His lyric writing has reached a higher plane with this record with any hint of cynicism or tongue-in-cheek teases excised. Adams finds a home for these profoundly contemplative lyrics amidst barren backdrops, dead-end towns and smoky bars where memories live in full Technicolor. The collaboration between Adams and Walker is fueled by more than ego or money, but by genuine respect and an admiration for each other's talents. Each song is wrapped up in the most gentle way imaginable as Adams' production echoes and rattles your being. Littered with regret, these characters of these songs ache for understanding and forgiveness. "Chrissie Hynde" is an immaculate song with a minimal framework and an underlying ache. "I Love You" has a sweet melody but is laced with remorse as the narrator knows he could have been more true to their love. "How Are Things, Love?" conjures the spirit of Santo & Johnny's "Sleep Walk" with guitars that send cold chills down your spine while unrequired lust anchors "Bed of Fire" amidst a alluring string section and some guitar work by Johnny Depp. "Autumn Leaves" finds the narrator trying to make sense of a cancerous death. "Still Drunk" captures one's liabilities with tormenting force that may suffocate some and provide salvation for others.
I am not sure if I have recuperated from "Father's Day", arguably the single greatest song Walker has written to date (with a little help from Adams who receives a co-write here). Walker brings the listener into his house last June which was the first Father's Day he experienced without Big Butch. The tear-inducing picture he paints, are not for the emotionally fragile, but despite being about his father, it's bursting with life.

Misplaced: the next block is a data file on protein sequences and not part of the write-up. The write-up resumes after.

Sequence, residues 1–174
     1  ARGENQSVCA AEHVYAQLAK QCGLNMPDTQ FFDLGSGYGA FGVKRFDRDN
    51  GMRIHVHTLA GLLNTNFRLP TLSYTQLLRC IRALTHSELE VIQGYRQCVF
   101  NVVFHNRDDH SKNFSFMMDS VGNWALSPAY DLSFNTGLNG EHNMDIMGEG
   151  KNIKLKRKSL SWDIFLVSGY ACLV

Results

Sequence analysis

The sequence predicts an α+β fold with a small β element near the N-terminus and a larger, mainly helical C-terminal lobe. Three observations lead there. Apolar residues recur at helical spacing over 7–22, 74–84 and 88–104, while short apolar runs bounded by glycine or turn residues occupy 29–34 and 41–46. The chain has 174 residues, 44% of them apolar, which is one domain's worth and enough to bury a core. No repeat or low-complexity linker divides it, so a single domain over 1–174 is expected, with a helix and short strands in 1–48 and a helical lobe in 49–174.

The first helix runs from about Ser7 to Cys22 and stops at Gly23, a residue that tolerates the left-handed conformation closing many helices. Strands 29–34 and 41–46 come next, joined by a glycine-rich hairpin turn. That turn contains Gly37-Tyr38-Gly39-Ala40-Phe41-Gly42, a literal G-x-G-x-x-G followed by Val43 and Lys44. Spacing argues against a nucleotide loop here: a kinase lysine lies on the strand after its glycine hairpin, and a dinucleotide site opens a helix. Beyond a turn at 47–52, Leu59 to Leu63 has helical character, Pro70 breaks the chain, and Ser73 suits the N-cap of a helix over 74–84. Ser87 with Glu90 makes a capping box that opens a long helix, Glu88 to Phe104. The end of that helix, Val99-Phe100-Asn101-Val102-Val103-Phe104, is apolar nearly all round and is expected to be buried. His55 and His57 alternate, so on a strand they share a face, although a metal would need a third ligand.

Sunday morning, Father's Day
The first without my dad
As I look into my little boy's eyes
It takes all I have
Not to break right down in front of him
When he smiles at me
See you don't become a man
Until you lose your dad, you see
I am not sure if any other verse has stuck with me as much as the above one, Walker lets it all go here in a slow burn highlighted by Bob Mould's guitar. Mould also lost his father a few years earlier and he channels every conceivable feeling through his six-strings on "Father's Day" like a ruptured levee. Those who saw Walker open for Ryan Adams last fall caught this song for which Adams accompanied him on drums every night. The circumstances that drive the events of Afraid of Ghosts are universal. Can we find a way to love greater, enjoy a summer breeze or find unassuming pleasures from merely spending time with someone we love beyond words? When faced with a life-altering event, most people surrender their lives and become permanent prisoners of their own worse nightmares. You may be lucky, you may be crafty but none of us can escape death nor can we dodge the pain associated with life. Butch Walker, time and time again, crafts records filled with life-altering significance where the characters must forge forward in order to survive.